Hyperconjugation is another way to explain why substituted carbocations are more stable. The electrons in either the C–C or C–H bonds that are near the cationic center can interact with the empty p-orbital. It’s not the bonds that are directly connected, but rather one bond removed from the center carbon, that are the most important (see the illustration below). At the simplest level, this provides an explanation for the statement in the previous answer that neighboring carbon atoms are more electron-donating than hydrogen atoms: it’s really the neighboring C–H bonds that help stabilize the empty p-orbital.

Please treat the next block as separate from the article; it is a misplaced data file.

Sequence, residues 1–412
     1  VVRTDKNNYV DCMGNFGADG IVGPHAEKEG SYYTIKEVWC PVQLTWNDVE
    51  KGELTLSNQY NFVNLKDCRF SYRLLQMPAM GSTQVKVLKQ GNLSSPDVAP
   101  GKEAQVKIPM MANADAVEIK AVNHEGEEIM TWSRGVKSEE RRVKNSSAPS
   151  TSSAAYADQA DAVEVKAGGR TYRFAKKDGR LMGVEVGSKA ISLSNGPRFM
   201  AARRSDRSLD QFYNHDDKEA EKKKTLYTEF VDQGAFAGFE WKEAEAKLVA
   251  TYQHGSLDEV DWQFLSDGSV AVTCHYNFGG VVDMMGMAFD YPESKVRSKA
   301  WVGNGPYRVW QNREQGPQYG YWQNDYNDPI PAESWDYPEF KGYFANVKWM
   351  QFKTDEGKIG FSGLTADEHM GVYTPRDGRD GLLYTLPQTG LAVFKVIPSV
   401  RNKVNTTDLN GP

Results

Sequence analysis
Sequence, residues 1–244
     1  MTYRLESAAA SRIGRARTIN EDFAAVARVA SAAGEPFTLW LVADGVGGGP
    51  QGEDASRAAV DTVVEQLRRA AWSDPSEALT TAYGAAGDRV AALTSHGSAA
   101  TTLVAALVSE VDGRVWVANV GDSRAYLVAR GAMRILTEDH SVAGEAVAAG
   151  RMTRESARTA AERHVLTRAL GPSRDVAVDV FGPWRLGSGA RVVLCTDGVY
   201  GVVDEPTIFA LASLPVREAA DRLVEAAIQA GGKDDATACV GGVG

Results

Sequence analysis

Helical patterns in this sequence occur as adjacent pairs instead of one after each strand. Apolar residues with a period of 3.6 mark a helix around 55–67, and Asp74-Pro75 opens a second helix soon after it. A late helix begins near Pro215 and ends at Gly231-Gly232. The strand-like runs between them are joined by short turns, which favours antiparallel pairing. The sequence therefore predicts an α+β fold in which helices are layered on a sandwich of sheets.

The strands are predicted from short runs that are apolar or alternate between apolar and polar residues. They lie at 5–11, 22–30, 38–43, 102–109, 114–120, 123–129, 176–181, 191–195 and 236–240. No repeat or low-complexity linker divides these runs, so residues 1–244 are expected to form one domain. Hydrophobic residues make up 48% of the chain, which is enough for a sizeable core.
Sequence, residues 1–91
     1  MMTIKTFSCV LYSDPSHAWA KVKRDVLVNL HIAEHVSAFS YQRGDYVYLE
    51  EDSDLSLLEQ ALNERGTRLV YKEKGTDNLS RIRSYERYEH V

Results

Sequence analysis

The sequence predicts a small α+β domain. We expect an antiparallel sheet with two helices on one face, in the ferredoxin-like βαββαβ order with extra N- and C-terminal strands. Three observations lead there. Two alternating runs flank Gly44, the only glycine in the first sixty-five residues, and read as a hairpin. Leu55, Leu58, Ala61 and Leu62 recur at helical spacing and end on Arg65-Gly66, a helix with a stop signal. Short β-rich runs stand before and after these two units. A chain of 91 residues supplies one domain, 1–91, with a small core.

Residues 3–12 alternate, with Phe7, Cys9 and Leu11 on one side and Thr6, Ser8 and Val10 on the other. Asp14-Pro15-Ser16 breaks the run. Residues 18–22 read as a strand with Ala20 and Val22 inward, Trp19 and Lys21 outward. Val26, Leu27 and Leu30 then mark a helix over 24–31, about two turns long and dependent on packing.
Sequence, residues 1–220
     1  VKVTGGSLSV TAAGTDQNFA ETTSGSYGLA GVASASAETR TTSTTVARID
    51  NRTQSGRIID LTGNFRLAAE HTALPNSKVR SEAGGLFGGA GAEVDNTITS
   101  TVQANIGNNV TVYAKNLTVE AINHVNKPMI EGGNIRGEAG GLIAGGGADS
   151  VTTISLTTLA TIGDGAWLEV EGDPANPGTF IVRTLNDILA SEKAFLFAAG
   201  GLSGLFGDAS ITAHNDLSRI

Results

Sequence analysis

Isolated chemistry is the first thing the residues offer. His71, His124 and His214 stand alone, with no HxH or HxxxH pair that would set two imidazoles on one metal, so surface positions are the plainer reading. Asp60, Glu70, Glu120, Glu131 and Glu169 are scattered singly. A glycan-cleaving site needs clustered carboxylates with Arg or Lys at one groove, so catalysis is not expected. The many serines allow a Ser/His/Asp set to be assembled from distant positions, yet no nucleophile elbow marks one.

Note: The arrow above is just to illustrate the overlap of the C–H σ bond with the empty p orbital. It’s not to suggest that the hydrogen atom actually moves…though this does happen sometimes!